The little creek near my house is my favourite walking route. Once it was an important thoroughfare for the Wadawurrung people — from the Bay to the waterholes which are the only permanent fresh water in the area. They called the creek Gurnang.
After ‘settlement’ (i.e. theft) of the lands around Port Phillip Bay (Narrm Narrm) by British colonists from 1835 onwards, our peninsula was largely cleared of native vegetation and became an important agricultural hinterland for the bustling port city of Geelong.
When my wife and I came to this area in 2002, the creek, now known as Griggs Creek, was a weed-choked seasonal trickle of water on the edge of town, bordering low-grade pasturage with a few cattle dotted across it.
I’m no great fan of urban sprawl, and was concerned to discover that plans were afoot to build 3,000 dwellings on the other side of the creek — in effect, a brand-new township.
In the event, this well-planned development has brought both recreational and environmental benefits to our community.
Where there was once a gullied cow paddock, there are neat streets of houses — but also wetlands teeming with life. A walking and cycling track winds through parklands planted with indigenous shrubs and trees to the Bay and a perfect view of the You Yangs peaks on the opposite shore.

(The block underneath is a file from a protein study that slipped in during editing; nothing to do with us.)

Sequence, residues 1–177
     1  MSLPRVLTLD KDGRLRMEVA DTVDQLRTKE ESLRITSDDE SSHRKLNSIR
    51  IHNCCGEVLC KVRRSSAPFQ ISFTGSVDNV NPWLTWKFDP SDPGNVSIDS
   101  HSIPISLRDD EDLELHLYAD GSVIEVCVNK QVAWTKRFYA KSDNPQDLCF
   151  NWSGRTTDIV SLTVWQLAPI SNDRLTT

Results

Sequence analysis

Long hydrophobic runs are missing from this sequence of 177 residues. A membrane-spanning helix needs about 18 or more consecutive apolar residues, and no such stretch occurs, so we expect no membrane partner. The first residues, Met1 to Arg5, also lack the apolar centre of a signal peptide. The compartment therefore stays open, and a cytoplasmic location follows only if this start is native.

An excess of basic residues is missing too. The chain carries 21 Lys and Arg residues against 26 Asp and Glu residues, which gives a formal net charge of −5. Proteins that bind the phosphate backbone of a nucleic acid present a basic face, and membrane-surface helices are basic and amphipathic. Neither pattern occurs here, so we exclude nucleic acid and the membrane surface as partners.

One family member I was close to, particularly as a troubled teenager (is there any other kind?) was my paternal grandmother, Elsie May Fendt, née Bent, known to me as Nan.
Elsie was an interesting, intelligent woman. She had led a somewhat colourful life in interwar London. She often used to tell me of her exploits with my grandfather Percy, whom I never got to meet, as he died of cancer in the late 1950s.
Percy was a solicitor’s clerk, a short, dapper, dark-haired, barrel-chested man and well … a very naughty boy, to put the most favourable slant on it.
I’ve never been a particularly family-oriented person. Don’t get me wrong: I love my family and think of them affectionately. However, I was taught to be independent and self-reliant as a child, and well, I took the lesson to heart.
Dad later apologised to my newly-wed wife for that. The seed of independence was sown in fertile ground, Dad. Don’t give yourself too much credit.
So … it was a bit of a surprise to everyone, including myself, when I embarked on extensive family research on Ancestry several years ago. Probably Dad’s sudden death in 2010 prompted it. I realised that my family, particularly its senior members, wasn’t going to be around for ever, and that there was a lot that I wanted to know.